Risks and Preventative Factors in Teen Pregnancy

Risks and Preventative Factors in Teen Pregnancy

Key facts

  • Around the world each year about 16 million girls aged 15 to 19 and around 1 million girls under the age of 15 give birth, mostly in low- and middle-income countries.
  • Complications associated with teen pregnancies and childbirth is the second cause of death for girls aged between15 to 19 worldwide.
  • Every year nearly 3 million pregnant girls aged 15 to 19 undergo unsafe abortion procedures.
  • Children born to teenage mothers have a significantly higher risk of death than women aged 20 to 24 years.


There is denying that fact there has been a reduction of birth rates among teenagers since 1990s, but still nearly 11% of newborns are born to girls aged 15 to 19 years globally.  The vast majority of these newborns babies (95 percent) are in low and middle-income nations.

Teen Pregnancy

According to the World Health Statistics 2014, the average birth rate among girls 15 to 19 years is 49 per 1000. The rate per country ranges from one to 299 births per 1,000 girls with the highest rates being recorded in Sub-Saharan Africa. Teenage pregnancy remains a major killer of the mother and child and prolongs the vicious cycle of poor health and poverty in most low and mid-income countries.


While some teenagers want and plan their pregnancy, for many this is not the case. Pregnancies are more common among adolescents in poor, uneducated or rural areas. In some countries, extra-marital pregnancies are rare. Conversely, girls often experience social pressure to get married and once married, they are coerced to have children early. In low and middle-income more than 30 percent of girls marry before age 18, and nearly 14 percent before the age of 15.

Teen Pregnancy

Some teens do not know how to prevent pregnancy. Basic sex education is lacking in many countries. Sometimes they are ashamed or do not dare to resort to contraceptive services. In some cases, contraceptives are just too expensive or not widely available and in some cultures morally illegal. Even if the contraceptives are widely available, sexually active adolescents are less likely to use them than adults. Besides, girls are not always in the position to refuse unwanted sex or resist coercion and most of these cases go unreported.

Health consequences

Complications of pregnancy and childbirth are the second cause of death among girls aged 15 to 19 worldwide. However, significant decreases in death cases were observed in all regions since 2000, particularly in Southeast Asia, where the mortality rate increased from 219 per 1000 girls. Nearly 3 million unsafe abortions occur among girls 15 to 19 years annually, contributing to maternal mortality and causes lasting health problems.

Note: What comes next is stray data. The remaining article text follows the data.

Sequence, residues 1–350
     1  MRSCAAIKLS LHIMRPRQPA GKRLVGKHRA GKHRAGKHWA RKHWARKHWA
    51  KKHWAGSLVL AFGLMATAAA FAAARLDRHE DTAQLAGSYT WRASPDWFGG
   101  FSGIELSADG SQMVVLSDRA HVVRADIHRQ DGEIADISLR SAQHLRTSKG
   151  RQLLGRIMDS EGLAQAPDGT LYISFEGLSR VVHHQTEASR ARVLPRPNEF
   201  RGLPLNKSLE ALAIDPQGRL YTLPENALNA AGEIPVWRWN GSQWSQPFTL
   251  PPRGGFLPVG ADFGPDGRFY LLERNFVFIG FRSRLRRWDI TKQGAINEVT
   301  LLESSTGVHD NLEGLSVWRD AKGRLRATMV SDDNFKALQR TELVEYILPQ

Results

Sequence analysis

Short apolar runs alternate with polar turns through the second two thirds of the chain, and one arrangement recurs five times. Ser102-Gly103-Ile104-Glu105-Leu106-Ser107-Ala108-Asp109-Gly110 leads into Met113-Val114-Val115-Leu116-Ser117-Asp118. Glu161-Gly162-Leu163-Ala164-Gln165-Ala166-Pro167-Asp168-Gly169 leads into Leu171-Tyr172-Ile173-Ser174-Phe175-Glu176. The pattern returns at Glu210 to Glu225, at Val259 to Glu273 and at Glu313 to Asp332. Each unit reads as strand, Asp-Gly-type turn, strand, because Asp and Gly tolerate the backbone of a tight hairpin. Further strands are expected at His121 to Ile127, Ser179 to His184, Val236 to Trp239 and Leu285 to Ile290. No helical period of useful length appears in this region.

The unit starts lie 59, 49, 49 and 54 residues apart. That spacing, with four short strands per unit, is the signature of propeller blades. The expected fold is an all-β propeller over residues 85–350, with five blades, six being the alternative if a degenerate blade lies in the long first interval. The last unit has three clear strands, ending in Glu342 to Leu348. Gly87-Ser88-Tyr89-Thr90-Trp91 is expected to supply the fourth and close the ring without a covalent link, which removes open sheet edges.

Early pregnancy increases the risk for both mother and the child. In low and middle-income countries, stillbirths and neonatal deaths is 50 percent higher among children born to mothers aged fewer than 20 years than among parents aged 20 to 29. The younger the mother is, the higher the risk for both the mother and the child suffering from low birth weight and long-term health problems.

Social and economic consequences

During adolescence, pregnancies can have economic and social implications. Many young girls have to leave school when they become pregnant. As a result, in most cases these girls end up with little education and skills and this makes it harder for them to find a job. This is huge unwanted cost to the country, due to the reduction in the annual income that a young woman could have received her life if not for an early pregnancy.

Teen Pregnancy

WHO action

In 2011, in partnership the World Health Organization (WHO) published in the UN Population Fund (UNFPA), guidelines on how to prevent early pregnancies and their consequences for the female reproductive health. They recommended measures to be taken by countries with six primary objectives. They are:

  • reduce the number of marriages before the age of 18;
  • raise awareness to get support to decrease the number of pregnancies before the age of 20;
  • increase the use of contraception for adolescents exposed to unwanted pregnancies;
  • minimize the incidence of sex under duress teen;
  • reduce the number of unsafe abortions among adolescents;
  • Increasing the use of skilled care before, during and after childbirths among adolescents.

The WHO also participates in various joint efforts with organizations and programs such as the initiative “H4 +”, which includes UNAIDS, UNFPA, UNICEF, UN Women and the World Bank. This initiative aims to accelerate progress towards achieving the Goals 4 (Reduce child mortality) and 5 (improve maternal health) Millennium Development Goals by 2015.

It tackles the root causes of mortality and morbidity of maternal, newborn and child – which are gender inequality, child marriage and limited access of girls to education. The initiative “H4” is closely aligned with national health plans and provides technical and financial support to governments as well.


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Pulkit Thakur has over five years experience in the field of Health. He specializes in setting up Global health consultancy.

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